Milk tastes the sweetest around body temperature. The hotter it gets, the less intense the sweet sensation. Too hot, and the steamed milk “breaks,” releasing tons of unpleasant flavors and odors and mixes with the coffee. 

Size & Variations

Cortado is always a 4-ounce drink. An espresso doppio plus milk.

Cappuccino is usually served at 5-6 ounces, but in many coffee shops, the volume has grown. Sometimes up to 8 ounces. 


Traditionally, both drinks are prepared with whole milk. But these days you can substitute with every manner of reduced-fat dairy or plant-based milk. These alternatives often come at the expense of the smoothness of the cup of coffee.

Beyond milk selection, some people enjoy sprinkling or shaving chocolate atop their cappuccino to give it more of a sweet taste. And while the foam composition of a latte is better suited for barista art, some people also try their hand at cappuccino art.


Is cortado stronger than a cappuccino?

Yes. A cappuccino tastes sweeter and less bold, but ultimately a cortado is a stronger flavor than a cappuccino.

Is a cortado just a small latte?

No, the Cortado is a smaller drink but the amount of milk in a latte is more than a cortado. A cortado has a 1:1 ratio while a late is 1/3 espresso, 2/3 milk and a layer of microfoam on top.

What is Starbucks equivalent to a cortado?

Starbucks doesn’t have a cortado drink listed on their menu. To order one, ask for a double shot of espresso and 2oz of milk on top of the espresso.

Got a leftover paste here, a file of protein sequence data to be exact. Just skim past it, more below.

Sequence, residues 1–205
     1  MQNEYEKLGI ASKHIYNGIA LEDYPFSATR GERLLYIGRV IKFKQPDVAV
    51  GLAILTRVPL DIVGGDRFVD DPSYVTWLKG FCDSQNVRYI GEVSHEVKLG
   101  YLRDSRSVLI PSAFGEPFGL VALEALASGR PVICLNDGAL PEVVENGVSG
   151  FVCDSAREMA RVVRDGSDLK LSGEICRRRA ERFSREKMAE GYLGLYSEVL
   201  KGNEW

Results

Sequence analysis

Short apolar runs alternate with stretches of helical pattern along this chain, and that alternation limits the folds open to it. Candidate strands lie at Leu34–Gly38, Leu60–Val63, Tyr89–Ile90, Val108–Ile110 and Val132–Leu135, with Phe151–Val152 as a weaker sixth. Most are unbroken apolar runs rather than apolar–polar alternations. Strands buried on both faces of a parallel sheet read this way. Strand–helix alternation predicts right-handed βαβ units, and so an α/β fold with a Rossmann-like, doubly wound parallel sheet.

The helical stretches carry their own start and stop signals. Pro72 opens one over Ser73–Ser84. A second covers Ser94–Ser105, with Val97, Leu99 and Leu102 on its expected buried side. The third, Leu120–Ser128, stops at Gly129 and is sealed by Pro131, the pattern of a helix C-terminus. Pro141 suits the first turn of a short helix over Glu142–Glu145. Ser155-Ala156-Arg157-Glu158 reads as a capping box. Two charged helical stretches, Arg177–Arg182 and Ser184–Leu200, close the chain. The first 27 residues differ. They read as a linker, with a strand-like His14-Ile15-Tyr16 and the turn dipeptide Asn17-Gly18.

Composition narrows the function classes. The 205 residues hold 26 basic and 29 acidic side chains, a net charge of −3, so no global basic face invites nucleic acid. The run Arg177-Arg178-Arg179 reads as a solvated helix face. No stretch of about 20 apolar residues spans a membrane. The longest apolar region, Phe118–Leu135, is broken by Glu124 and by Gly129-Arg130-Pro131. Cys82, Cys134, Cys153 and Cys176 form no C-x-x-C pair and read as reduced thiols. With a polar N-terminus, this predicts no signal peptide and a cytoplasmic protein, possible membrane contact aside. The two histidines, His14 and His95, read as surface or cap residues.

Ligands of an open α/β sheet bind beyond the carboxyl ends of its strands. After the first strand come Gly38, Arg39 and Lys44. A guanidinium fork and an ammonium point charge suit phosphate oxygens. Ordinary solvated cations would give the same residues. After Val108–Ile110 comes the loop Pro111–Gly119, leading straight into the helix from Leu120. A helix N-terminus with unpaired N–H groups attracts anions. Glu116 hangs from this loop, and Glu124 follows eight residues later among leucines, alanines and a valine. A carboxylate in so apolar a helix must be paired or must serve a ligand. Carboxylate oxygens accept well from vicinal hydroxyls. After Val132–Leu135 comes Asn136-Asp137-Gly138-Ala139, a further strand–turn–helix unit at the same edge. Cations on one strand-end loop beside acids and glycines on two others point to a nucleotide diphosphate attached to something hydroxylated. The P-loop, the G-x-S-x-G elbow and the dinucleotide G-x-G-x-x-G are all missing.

What has more milk, a cappuccino or cortado?

A cappuccino has more milk than a cortado. It is a 5-6 ounce drink, with only 2 ounces of that volume being espresso. While a cortado has the same amount of espresso, it is only 4 ounces in total volume.

Is cortado one or two shots?

A cortado is typically two shots of espresso.


Despite both being espresso based drinks, cappuccino and cortado aren’t very similar drinks. The main difference being these two drinks are the foam with the cortado having less foam than the cappuccino which has a very generous foam layer. 

Which one of these two coffee drinks should you get the next time? 

Try a cappuccino if you have time to sit, sip, taste, and enjoy. It’s perfectly pillowy and light. A great way to start the day is with a cappuccino and a newspaper or a good book.

A cortado is a better choice if you’re on the go. It’s a smaller, cooler coffee drink with the same caffeine content as a cappuccino. You get that bold espresso flavor, and it’s a coffee drink that’s meant to be consumed quickly.

Want to learn more about cappuccinos & cortados? Head on over to one of these posts!

About William

William Mack is a classically trained chef and a coffee enthusiast. After graduating from the Culinary Institute of America he spent a decade cooking in top NYC restaurants like Spice Market and Betony. He's now the culinary editor at Kitchen Ambition, and a contributor at Bit of Cream.